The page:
COVID-19 Testing for Travel
The Utah Department of Health has partnered with NOMI Health (TestUtah) to offer two dedicated locations for COVID-19 travel testing:
- Salt Lake City - Cannon Health building (288 North 1460 West)
- St. George - Dixie Technical College (610 S. Tech Ridge Drive).
These testing locations have a lane dedicated to travelers who need a COVID-19 test prior to traveling. Appointments are REQUIRED. You must arrive at least one hour prior to a site’s publicized closing times in order to be tested. Vehicles will not be allowed to enter the line after this time. The sites will also continue to provide COVID-19 testing for all other needs. Travelers may also get tested at other existing COVID-19 testing locations or at private testing companies. Travelers are responsible for making sure testing meets the requirements of their travel destination.
The following types of COVID-19 tests are available at the COVID-19 travel testing sites in Salt Lake City and St. George:
Abbott ID NOW COVID-19 rapid molecular test (this is a Nucleic Acid Amplification Test or NAAT):
Resident cost: Free
Non Resident cost: $179.00 (credit card only)
Results available within: 15 min- 1 hour
Rapid antigen test:
Residents and non residents: Free
Results available within: 15 min- 1 hour
RT-PCR test (swab, saliva):
Resident cost: Free
Non Resident cost : Free
Results available: 24-48 hours
Appointments are REQUIRED. Register at testutah.com (select the Utah Department of Health HQ – Cannon Building or St. George location) to ensure a smooth process when you arrive at the testing location.
You are required to bring proof of travel, such as a boarding pass or itinerary, with you to the testing location.
Travelers are responsible for following any travel requirements of their destination. Please visit the state, country, airline, or travel destination website of the area you are traveling to for more information and to see what testing locations and types of tests meet their requirements. For information on travel requirements by destination, visit https://www.cdc.gov/coronavirus/2019-ncov/travelers/index.html.
Some travel destinations may also require testing to be done at specific testing locations or include QR codes linked to results and CLIA information. At this time, these two travel testing sites do not include QR codes or CLIA information. You are also responsible for making sure your travel destination will accept the type of COVID-19 test you get. Travel destinations which require proof of a negative COVID-19 test upon arrival may offer testing to travelers or the option for a mandatory quarantine for those who do not wish to be or who are unable to be tested upon arrival.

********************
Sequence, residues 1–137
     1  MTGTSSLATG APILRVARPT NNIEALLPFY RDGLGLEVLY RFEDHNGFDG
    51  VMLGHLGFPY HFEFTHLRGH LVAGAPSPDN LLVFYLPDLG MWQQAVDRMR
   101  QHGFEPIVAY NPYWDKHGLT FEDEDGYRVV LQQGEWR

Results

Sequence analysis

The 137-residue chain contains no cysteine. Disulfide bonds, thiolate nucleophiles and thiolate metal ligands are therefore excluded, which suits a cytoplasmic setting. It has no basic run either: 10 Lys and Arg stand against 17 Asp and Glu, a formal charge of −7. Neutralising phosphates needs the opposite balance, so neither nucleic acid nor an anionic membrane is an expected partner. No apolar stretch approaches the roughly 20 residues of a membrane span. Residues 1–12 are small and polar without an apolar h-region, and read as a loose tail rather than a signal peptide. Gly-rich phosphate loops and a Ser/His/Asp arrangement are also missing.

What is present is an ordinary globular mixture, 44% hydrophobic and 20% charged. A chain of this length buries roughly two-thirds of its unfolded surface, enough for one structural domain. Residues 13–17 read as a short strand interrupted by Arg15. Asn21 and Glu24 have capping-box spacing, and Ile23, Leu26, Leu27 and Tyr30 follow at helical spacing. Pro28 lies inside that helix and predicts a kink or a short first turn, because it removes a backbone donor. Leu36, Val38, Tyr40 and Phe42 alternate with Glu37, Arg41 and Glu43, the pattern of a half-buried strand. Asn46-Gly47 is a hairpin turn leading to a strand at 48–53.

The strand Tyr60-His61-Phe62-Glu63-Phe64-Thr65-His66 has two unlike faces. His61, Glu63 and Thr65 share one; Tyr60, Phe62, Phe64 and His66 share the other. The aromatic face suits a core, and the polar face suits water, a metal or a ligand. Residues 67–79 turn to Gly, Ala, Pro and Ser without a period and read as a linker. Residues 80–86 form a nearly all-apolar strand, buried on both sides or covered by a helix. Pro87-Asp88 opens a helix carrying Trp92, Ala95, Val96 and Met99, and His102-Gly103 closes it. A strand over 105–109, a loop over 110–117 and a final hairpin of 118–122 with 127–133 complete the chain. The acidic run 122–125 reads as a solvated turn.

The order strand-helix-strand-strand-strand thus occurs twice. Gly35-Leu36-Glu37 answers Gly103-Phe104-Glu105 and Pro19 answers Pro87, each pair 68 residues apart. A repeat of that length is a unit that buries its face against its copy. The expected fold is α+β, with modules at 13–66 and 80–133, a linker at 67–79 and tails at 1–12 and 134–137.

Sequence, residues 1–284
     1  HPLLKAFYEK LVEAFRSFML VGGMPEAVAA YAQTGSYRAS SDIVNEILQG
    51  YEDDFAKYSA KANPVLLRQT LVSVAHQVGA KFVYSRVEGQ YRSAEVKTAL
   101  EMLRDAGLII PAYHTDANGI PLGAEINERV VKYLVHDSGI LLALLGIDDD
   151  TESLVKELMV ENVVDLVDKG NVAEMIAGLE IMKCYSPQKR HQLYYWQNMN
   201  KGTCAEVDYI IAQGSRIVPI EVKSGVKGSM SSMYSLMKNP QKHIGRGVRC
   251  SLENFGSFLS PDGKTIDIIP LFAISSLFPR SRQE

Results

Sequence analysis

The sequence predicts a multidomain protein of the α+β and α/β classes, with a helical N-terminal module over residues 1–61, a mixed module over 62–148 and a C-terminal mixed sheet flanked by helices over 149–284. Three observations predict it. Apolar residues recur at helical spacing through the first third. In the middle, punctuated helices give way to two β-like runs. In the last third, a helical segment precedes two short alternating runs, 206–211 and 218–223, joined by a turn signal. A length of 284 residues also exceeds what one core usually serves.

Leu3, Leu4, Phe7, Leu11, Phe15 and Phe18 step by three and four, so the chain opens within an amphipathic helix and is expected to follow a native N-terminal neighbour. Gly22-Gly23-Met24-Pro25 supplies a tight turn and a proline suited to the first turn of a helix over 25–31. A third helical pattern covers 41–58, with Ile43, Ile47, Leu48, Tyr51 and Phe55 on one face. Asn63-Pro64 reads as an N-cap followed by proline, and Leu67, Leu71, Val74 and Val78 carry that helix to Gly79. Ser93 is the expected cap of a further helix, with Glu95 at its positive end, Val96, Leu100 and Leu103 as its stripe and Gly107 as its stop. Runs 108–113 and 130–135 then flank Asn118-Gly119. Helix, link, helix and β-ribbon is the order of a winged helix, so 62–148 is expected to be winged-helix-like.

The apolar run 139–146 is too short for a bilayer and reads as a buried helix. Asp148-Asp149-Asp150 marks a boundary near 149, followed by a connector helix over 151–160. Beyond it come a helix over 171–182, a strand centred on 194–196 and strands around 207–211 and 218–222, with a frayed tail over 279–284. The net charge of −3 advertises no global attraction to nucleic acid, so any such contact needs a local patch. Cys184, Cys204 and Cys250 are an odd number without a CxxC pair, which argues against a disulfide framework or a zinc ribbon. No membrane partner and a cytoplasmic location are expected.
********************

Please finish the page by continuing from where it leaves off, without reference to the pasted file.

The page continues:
Are these the only locations you can get tested for COVID-19 before travel?
No. There are many COVID-19 testing locations in Utah. You can find COVID-19 testing locations at https://coronavirus.utah.gov/utah-covid-19-testing-locations. Check with the testing location to see if they offer testing for travel. Keep in mind that COVID-19 testing for travel may not be covered by insurance. Make sure to call your insurance provider to find out if you will be responsible to pay for the test.
If you need a letter stating you’ve recently tested positive for COVID-19 and have completed your isolation, email the Utah Department of Health at email@example.com.
Travel during COVID-19
Travel increases your risk of being exposed to the virus that causes COVID-19. The CDC recommends you wait to travel, both internationally and within the United States, until you are fully vaccinated. Vaccination is the best way to protect yourself and others around you from any variant of COVID-19.
Fully vaccinated means it has been at least 2 weeks since your final dose of COVID-19 vaccine.
- 2-dose vaccines (Pfzier and Moderna): It has been at least 2 weeks since your 2nd dose.
- 1-dose vaccines (Johnson & Johnson): It has been at least 2 weeks since you got the shot.
Everyone 18 or older should also get a booster dose. Learn more.
For up-to-date travel recommendations, visit the CDC website at https://www.cdc.gov/coronavirus/2019-ncov/travelers/index.html.
You can find the CDC’s recommendations for what to do after you return from international travel at https://www.cdc.gov/coronavirus/2019-ncov/travelers/aftertravel-precautions.html.
Travel Restrictions in Utah
There are no travel or quarantine restrictions in the state of Utah.
- Visitors to Utah or those returning home to Utah after traveling are not required to quarantine upon arrival.
- You may be required to provide proof of vaccination or a negative COVID-19 test result before traveling on airlines or to some destinations.
- There may be restrictions entering the U.S. if you travel to areas with widespread COVID-19 infection. Know the restrictions in the area you are planning to travel to.
- Consider purchasing travel insurance in case your travel plans need to be cancelled due to sickness.
Utah does not have a statewide mask mandate.